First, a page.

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AngloGold dismisses striking mineworkers in South Africa

25 October, 2012AngloGold Ashanti began dismissing 12,000 workers today, 25 October, becoming the latest mining company to join the rush to dismiss striking workers with the misguided belief that such a move will bring the situation under control.

The National Union of Mineworkers (NUM) is concerned the dismissals by AngloGold have the potential to escalate into a violent and confrontational situation. NUM is opposed to the dismissals of the striking mineworkers and believes that such a move will work against all efforts to normalize the situation and get the mineworkers back to work.

The dismissals come on the same day that a deal is to be signed between labour and gold companies, AngloGold, Harmony and Gold Fields at the Chamber of Mines, which hopes to end the strikes in the gold sector.

The NUM has consistently argued that dismissals should be a measure of last resort and has been against similar actions taken by Anglo Platinum and other mining companies. These actions ignore efforts that are in motion to normalize the situation.

One such act is the Social Pact between the Presidency, mining companies and labour signed a week earlier. The social pact seeks to address the underlying multiple causes of the unrest which include the appalling levels of pay and dreadful working conditions in the industry and is meant to promote stability and address socio economic issues in mining areas.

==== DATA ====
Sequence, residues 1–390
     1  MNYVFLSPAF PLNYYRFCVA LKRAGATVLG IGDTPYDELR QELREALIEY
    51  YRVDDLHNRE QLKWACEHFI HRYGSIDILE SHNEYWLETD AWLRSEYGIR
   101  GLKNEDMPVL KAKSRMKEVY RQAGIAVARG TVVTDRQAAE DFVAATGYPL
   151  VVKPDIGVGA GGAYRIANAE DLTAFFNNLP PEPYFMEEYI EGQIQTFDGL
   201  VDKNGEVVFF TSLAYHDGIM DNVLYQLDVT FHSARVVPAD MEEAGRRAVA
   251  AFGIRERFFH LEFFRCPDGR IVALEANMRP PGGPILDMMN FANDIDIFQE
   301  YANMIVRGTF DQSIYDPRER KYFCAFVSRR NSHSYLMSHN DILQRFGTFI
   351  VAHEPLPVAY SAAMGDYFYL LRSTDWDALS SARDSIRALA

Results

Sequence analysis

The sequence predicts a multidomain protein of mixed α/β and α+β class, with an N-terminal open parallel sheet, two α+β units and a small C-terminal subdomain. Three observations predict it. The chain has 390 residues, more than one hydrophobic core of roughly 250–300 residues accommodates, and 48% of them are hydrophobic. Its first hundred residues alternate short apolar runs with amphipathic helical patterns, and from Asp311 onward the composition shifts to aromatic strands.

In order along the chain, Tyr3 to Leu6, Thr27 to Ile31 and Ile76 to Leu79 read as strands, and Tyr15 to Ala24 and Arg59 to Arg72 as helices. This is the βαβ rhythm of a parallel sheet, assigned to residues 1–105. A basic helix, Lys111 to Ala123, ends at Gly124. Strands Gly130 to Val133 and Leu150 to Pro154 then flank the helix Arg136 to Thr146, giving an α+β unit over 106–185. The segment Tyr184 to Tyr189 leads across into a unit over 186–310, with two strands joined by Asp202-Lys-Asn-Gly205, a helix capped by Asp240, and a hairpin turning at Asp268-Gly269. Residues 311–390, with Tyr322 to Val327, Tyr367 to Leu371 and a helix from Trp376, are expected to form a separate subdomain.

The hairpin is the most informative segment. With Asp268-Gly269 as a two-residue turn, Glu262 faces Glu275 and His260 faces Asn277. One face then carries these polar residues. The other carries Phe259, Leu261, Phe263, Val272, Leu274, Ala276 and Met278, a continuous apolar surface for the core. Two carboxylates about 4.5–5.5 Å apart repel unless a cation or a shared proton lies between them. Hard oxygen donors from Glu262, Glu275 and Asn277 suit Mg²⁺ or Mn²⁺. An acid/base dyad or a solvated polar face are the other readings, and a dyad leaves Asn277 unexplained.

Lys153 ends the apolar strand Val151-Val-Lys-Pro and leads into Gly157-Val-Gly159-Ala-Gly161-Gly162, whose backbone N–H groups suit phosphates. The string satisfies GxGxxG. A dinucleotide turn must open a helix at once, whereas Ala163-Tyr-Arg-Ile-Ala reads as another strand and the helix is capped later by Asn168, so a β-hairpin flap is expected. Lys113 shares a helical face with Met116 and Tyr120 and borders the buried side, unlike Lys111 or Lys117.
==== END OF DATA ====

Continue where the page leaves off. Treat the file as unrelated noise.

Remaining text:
Unlike the platinum industry, the gold sector is part of an established centralized collective bargaining and negotiations are continuing with the Chamber of Mines in efforts to address both the immediate and long term causes of the unrest in the mining industry.

Meanwhile, the Confederation of South African Trade Unions (COSATU) made strong statements against the dismissals, calling for the immediate reinstatement of workers. COSATU is mobilizing solidarity protests in support of mineworkers’ demands in the coming weeks.

IndustriALL Global Union is against these dismissals and reiterates its earlier call to the mining companies in South Africa to address what COSATU describes as the underlying causes of the escalating unrest. IndustriALL supports the NUM and COSATU in calling for another commission that will investigate the underlying employment and social conditions of workers in the industry, trace the history of mining, its past and present discriminatory practices, its reliance on cheap labour, and the history of treating mine workers as subhuman.